Fifth Circuit gives WWE the green light to 'smackdown' counterfeiters

United States of America

World Wrestling Entertainment (WWE) produces nationwide live wrestling events, at which it sells merchandise bearing its registered trademarks. Although WWE does not license any third parties to sell its merchandise, third parties often show up at these events purporting to sell WWE merchandise. Moreover, these bootleggers disappear without a trace as soon as they are notified of potential lawsuits, resurfacing at the next WWE event ready to continue their infringing enterprises. The vicious cycle continues, and WWE is left without recourse for the bootleggers’ infringing activities.

Having had enough, WWE brought suit in the Eastern District of Louisiana, seeking ex parte seizure and temporary restraining orders against the unidentified bootleggers under the Trademark Counterfeiting Act. The district court denied relief because WWE had not proved the identities of specific persons against whom the seizure and temporary restraining orders would be issued. The failure to prove the bootleggers’ identities, the district court found, would hinder the court in properly analysing the elements that WWE must establish to obtain the orders.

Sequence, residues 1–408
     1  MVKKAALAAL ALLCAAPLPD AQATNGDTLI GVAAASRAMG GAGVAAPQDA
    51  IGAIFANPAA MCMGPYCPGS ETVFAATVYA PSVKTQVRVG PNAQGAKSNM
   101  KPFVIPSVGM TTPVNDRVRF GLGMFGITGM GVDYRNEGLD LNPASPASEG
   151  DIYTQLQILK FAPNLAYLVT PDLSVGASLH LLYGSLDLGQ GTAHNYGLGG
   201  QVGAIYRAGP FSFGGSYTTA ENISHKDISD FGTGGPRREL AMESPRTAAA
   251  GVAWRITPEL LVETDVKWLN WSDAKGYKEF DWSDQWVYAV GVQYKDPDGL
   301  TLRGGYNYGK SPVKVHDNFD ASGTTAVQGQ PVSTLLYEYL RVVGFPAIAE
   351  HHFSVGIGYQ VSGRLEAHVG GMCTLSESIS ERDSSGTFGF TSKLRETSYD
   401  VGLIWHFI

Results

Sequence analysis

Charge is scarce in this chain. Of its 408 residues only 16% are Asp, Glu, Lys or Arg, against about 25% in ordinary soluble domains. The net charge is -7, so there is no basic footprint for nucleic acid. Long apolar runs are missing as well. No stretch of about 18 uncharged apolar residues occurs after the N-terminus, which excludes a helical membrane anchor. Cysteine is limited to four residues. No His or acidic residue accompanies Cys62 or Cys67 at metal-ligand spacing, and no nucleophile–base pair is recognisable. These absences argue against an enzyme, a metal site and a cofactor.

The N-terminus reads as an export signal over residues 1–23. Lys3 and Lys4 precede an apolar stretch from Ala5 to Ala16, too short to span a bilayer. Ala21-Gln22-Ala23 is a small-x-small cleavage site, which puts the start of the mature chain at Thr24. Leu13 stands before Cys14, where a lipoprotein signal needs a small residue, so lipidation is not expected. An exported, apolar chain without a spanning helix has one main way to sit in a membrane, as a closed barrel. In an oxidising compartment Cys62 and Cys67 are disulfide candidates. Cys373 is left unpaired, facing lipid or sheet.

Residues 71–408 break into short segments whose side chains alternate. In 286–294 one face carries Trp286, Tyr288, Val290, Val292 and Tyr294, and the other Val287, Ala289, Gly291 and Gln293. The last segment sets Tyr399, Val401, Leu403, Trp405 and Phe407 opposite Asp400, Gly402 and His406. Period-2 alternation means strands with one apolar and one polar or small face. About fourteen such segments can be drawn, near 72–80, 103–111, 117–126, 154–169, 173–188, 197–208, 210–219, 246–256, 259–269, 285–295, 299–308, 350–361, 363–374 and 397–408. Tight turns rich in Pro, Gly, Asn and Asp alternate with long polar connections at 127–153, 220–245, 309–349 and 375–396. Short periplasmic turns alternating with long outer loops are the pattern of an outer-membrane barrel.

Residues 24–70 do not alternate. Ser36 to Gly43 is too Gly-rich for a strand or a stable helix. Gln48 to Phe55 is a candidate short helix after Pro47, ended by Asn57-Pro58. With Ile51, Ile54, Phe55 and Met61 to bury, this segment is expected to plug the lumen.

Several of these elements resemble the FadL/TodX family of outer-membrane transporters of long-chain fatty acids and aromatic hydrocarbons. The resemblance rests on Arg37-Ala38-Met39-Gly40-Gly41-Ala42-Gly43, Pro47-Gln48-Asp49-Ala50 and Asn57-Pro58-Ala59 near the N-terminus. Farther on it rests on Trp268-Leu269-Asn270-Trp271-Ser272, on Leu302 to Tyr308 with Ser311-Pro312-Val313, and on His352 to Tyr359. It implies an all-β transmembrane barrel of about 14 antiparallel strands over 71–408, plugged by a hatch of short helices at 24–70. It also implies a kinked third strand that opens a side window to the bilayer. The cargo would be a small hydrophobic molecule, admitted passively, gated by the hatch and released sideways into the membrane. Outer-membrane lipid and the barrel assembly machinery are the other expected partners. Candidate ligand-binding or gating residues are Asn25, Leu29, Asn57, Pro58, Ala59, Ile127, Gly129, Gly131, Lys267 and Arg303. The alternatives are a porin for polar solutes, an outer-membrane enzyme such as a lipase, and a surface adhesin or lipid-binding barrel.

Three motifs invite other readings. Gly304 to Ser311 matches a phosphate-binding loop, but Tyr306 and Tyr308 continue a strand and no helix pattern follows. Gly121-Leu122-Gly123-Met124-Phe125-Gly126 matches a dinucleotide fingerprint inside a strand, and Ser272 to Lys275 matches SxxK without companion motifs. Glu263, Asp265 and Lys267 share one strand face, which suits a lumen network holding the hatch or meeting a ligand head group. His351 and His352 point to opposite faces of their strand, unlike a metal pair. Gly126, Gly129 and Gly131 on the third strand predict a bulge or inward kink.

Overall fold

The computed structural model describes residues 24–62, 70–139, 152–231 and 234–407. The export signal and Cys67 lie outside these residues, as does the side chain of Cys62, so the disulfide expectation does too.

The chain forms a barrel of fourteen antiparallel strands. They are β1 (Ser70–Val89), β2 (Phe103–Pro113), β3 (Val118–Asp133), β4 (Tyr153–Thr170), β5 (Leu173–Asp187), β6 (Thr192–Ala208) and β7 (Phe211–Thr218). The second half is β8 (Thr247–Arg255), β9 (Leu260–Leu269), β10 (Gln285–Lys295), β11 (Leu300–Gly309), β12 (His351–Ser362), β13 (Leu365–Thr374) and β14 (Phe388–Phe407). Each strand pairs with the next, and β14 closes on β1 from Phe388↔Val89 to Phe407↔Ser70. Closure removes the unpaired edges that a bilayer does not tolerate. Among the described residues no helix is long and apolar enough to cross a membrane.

In World Wrestling Entertainment Inc v Unidentified Parties (Case No 14-30489, 2014 WL 5635359 (5th Cir), November 4 2014), the US Court of Appeals for the Fifth Circuit reversed, finding that the specific identities of the unnamed defendants were not as crucial to the evaluation of the elements as the district court thought. Because WWE sells its merchandise to consumers directly, the Fifth Circuit asserted, the identities of the unnamed defendants would be readily established once third parties are found selling WWE merchandise at or near WWE events. Thus, the district court could evaluate the requirements for issuing ex parte seizure and temporary restraining orders.

The Fifth Circuit concluded that WWE was entitled to the orders based on the record, vacated the district court’s order and remanded the case.

Rho Debrow Cornett, Kilpatrick Townsend & Stockton LLP, Atlanta

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